Home and garden checklist

Published: Saturday, Sep. 15, 2012 - 12:00 am | Page 6CALIFORNIA LIFE


Where do your kids do homework? If your home is like most households, it's the kitchen or dining room table.

According to a recent poll conducted by home remodeling website Houzz, 52 percent of respondents pointed to the table as the homework hangout so parents can "keep an eye on progress."

But that might not be the best spot for learning – especially when trying to juggle meals between math and history.

The right study space will not only help kids complete assignments faster, but they'll also learn more effectively, say the Houzz experts.

Besides the table, homework often is done wherever the kids and books land. In the survey, 13 percent reported that the homework spot in their house was "sprawled on the couch or family room rug."

That's not a good homework spot, either, say experts. In a recent study, the New Jersey Education Association found that the most important elements to a successful homework space are comfortable seating, ample work surface, a place to store materials and a distraction-free area.

Houzz offered these tips for a better homework experience:

• Choose the right spot. "A serene spot to study is essential for school-age kids, especially in a busy household," said Houzz contributor Laura Gaskill. "Find a space to dedicate to homework and quiet reading, and make sure no one interrupts when it is being used."

• Convert a specific area to a designated study spot. It can be a kitchen alcove, a corner of the home office or (surprise!) a desk in your child's room.

• Keep computers out in the open. When homework requires online time, keep track of Web browsing by positioning the home computer in a space that's open to the whole family.

• Keep it organized. That includes notebooks, assignments, supplies, notes from teachers, textbooks and reference materials.

To help with organization, designate a landing zone. That could include a hook for the backpack and a place to unload work. There's less chance of important items going missing.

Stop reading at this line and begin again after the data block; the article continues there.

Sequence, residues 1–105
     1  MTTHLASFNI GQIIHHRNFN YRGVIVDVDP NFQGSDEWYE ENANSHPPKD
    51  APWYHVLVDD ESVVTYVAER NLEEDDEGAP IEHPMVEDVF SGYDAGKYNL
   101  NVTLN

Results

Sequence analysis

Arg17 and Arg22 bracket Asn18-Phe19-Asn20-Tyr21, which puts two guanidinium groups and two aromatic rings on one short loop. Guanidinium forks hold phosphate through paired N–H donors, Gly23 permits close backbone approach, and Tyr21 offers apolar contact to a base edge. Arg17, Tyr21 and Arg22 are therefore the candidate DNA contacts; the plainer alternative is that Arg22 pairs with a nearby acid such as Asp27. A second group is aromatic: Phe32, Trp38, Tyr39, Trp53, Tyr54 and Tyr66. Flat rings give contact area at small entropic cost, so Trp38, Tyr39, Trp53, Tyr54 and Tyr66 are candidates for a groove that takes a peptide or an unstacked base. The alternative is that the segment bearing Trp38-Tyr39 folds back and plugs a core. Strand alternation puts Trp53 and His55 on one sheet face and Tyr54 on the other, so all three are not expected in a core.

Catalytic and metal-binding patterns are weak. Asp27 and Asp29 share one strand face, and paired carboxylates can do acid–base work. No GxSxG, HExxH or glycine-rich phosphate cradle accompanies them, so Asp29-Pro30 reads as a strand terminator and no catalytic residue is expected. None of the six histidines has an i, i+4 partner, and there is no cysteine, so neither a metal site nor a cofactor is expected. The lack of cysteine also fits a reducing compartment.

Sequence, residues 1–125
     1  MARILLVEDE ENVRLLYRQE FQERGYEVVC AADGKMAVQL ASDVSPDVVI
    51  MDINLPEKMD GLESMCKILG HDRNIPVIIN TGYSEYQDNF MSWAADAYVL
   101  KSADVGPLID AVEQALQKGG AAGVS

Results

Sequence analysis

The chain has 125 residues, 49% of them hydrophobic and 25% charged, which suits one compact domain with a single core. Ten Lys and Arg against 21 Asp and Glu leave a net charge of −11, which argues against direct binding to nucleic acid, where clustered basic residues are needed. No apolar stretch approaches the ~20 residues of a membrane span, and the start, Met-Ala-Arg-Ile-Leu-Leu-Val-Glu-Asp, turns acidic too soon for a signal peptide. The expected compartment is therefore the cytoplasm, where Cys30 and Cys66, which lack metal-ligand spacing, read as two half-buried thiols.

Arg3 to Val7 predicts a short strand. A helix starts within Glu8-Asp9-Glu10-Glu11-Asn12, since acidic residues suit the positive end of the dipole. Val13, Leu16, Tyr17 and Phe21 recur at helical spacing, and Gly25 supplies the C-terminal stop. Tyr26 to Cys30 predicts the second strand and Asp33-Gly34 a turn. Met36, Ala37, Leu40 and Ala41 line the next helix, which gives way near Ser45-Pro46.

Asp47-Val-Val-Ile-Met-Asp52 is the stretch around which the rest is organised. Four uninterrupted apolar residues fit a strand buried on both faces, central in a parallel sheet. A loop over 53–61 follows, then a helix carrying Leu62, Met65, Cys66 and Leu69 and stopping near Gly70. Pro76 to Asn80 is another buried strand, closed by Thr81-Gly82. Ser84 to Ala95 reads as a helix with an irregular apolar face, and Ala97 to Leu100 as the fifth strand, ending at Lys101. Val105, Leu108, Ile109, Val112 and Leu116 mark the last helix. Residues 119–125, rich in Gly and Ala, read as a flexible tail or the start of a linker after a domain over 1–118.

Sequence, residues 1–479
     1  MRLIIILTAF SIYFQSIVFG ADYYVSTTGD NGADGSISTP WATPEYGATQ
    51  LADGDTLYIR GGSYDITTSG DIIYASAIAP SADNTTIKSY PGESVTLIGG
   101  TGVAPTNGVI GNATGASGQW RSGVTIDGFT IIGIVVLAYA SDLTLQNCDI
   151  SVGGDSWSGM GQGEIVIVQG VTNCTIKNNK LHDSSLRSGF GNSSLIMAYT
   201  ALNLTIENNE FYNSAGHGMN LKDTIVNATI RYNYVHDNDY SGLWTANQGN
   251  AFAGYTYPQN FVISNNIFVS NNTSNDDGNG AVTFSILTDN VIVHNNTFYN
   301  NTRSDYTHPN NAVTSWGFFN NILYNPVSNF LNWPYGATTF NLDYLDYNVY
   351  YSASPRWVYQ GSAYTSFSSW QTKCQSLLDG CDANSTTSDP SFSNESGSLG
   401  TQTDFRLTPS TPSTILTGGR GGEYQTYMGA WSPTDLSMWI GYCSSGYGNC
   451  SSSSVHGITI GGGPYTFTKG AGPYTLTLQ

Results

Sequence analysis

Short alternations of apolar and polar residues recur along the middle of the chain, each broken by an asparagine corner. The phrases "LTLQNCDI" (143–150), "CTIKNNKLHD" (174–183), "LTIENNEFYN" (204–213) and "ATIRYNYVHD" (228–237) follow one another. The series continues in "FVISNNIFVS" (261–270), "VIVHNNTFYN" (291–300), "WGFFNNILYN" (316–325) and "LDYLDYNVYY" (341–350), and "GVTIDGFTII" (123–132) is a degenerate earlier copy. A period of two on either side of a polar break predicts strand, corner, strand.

Bring in a bulletin board to post important notes and a calendar. Let the kids personalize it with inspiring photos or creative artwork.

Have labeled storage bins and shelves handy to keep all the paperwork and supplies in order.

• Get creative. Get the kids involved in creating this space and making it their own.

"A room painted in a color they love and choose will give them a sense of ownership and pride in the space," said Houzz contributor Shawn Gauthier. "Giving kids a say in the style of the space, they might be more likely to want to spend time there."

For more ideas, click on www.houzz.com.


• Cultivate and add compost to the soil for fall and winter vegetables and annuals.

• Plant onions, lettuce, peas, radishes, turnips, beets, carrots and potatoes.

• Transplant lettuce, cabbage, broccoli, kale, Brussels sprouts and cauliflower.

• In the flower garden, plant seeds of California poppies, clarkia and African daisies.

• Transplant cool-weather annuals such as calendulas, cyclamen, fairy primroses, pansies and violas.

• Fertilize deciduous fruit trees.

• Dig, divide and replant overgrown perennials after they finish blooming. Weed and amend flower beds before replanting.

• Sow a new lawn or reseed bare spots. Consider replacing lawn (or parts of it) with perennials.

• Put tulip and hyacinth bulbs in the refrigerator for six weeks prior to planting.

– Debbie Arrington

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